Microsoft and Apple have both opened their annual developer conferences to all and will not charge admission for the virtual events.
Microsoft will host its Build confab May 19-21 and Apple will start its Worldwide Developers Conference (WWDC) on June 22. Apple did not say how long WWDC will run, but historically the conference has gone from Monday to Friday. June 22 is the second-to-last Monday of the month.
Previously, the companies had announced the cancellations of their usual physical events and replacement by all-digital versions. Both firms cited the ongoing pandemic as the reasons for their moves.
"In light of global health concerns due to Covid-19 and related government actions in Washington State, we will deliver our annual Microsoft Build for developers as a digital experience, in lieu of an in-person event," Microsoft said in March.
Apple said something similar a few weeks later, blaming the "current health situation" without using either "Covid-19" or "coronavirus" in its statement.
Build registration, which last year cost US$2,395, will be free for 2020. "It's not the Build we thought it would be, but it's gonna be special," wrote Scott Hanselman, principal program manager, in an April 20 post to a company blog.
The two-day conference will start Tuesday, May 19, at 8 a.m. PT/ 11 a.m. ET, with the keynote address preceded by a message from CEO Satya Nadella.
All sessions will be recorded for later on-demand viewing; those done live will be scheduled three times each 24-hour period - eight hours apart - to account for the conference's global audience, and will include live Q&A. Longer, pre-recorded videos will also be available, Microsoft said.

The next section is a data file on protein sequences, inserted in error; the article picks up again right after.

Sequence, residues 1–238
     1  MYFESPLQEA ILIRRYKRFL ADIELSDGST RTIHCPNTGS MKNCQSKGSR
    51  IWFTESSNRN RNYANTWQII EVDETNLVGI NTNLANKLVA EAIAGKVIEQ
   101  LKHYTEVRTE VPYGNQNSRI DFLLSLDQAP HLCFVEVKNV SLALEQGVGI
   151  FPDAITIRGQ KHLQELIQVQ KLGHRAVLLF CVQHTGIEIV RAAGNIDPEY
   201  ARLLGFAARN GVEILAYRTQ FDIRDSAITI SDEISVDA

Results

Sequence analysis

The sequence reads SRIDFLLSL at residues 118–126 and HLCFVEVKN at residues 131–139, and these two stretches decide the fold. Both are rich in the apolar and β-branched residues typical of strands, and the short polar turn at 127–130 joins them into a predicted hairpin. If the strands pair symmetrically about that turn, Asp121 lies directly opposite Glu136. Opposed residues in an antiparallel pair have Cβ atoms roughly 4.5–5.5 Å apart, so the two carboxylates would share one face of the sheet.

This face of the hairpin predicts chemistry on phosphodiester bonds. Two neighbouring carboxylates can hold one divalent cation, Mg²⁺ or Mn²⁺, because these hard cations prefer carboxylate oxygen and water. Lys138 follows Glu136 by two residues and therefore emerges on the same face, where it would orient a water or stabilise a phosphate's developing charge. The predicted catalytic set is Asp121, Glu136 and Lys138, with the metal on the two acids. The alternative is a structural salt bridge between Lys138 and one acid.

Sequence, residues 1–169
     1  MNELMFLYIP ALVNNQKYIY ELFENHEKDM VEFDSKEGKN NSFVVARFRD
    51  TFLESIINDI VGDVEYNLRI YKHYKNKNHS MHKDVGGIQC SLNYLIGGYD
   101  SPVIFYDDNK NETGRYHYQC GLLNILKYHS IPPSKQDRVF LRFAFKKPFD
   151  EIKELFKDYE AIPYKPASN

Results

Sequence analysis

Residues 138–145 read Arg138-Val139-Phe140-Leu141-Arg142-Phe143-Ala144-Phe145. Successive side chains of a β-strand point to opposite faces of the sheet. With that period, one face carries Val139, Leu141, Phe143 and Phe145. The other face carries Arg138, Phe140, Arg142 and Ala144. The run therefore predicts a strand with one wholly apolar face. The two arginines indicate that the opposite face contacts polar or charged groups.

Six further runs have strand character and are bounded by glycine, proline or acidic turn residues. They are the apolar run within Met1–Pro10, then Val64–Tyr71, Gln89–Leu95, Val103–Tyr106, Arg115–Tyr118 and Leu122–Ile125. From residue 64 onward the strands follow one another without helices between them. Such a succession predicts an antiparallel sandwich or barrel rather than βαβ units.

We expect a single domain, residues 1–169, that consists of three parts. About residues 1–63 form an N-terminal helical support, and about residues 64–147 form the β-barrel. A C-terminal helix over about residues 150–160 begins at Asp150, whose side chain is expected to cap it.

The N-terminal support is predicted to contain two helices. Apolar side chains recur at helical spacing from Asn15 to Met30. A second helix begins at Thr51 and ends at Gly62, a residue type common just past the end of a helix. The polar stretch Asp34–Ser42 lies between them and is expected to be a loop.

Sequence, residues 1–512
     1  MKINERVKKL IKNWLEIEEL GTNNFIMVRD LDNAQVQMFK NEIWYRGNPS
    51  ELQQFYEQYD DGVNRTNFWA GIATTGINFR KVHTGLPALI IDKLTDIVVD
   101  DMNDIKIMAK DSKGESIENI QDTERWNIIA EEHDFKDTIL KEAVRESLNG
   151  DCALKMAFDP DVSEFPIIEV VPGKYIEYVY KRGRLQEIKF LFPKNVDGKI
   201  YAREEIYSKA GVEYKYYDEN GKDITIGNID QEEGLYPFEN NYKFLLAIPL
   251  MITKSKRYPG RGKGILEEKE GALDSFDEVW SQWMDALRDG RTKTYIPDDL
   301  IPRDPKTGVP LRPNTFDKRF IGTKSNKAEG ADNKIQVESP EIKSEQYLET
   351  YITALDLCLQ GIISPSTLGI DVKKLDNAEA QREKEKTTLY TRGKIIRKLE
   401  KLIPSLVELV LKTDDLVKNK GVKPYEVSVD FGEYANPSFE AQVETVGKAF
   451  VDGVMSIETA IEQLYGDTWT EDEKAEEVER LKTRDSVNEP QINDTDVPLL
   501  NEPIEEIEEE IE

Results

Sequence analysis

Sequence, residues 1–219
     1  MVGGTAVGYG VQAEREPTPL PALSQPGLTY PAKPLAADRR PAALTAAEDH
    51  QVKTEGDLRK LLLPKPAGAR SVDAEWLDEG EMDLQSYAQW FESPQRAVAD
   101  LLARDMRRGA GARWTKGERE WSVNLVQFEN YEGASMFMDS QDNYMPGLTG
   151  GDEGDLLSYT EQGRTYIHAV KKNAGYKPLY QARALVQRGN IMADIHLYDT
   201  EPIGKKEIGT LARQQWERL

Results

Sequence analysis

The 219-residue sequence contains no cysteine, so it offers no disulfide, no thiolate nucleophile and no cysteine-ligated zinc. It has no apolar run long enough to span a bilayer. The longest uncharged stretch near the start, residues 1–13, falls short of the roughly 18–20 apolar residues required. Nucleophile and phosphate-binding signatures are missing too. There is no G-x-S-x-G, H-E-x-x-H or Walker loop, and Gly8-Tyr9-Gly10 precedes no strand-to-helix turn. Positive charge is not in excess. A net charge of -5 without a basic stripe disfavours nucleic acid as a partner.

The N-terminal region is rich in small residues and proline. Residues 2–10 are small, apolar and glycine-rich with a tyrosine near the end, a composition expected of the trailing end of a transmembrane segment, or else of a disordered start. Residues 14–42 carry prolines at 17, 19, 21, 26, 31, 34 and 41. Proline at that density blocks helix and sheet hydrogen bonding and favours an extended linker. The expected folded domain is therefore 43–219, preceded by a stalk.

Registration requires a Microsoft Account, or one associated with work or school; the latter is typically linked to an Office 365 subscription and/or a Windows log-in. To register, users should start here. The conference will be held on the Build website.
WWDC free for all devs
Apple's WWDC will also be free this year - at least "free for all developers" - rather than costing the $1,599 charged in 2019. Unlike past years, when a lottery system was needed to decide who got tickets, everyone will get in.
WWDC details were scarce, typical of an Apple announcement weeks before an event. "We look forward to sharing more details about WWDC20 with everyone as we get closer to this exciting event," said Phil Schiller, the company's head of marketing, in a May 5 statement.
It wasn't clear, for instance, whether the sessions would be available to all free of charge, or whether some might be limited to members of Apple's registered developer program who have paid $99 for an individual membership or $299 for an organization's membership. For example, only registered developers are able to download the earliest private betas of iOS, macOS and other code Apple issues throughout the year.
Other technology firms that had planned large conferences have cancelled their events altogether. Google called off its I/O conference, for example. "We sadly will not be holding I/O in any capacity this year," the company said.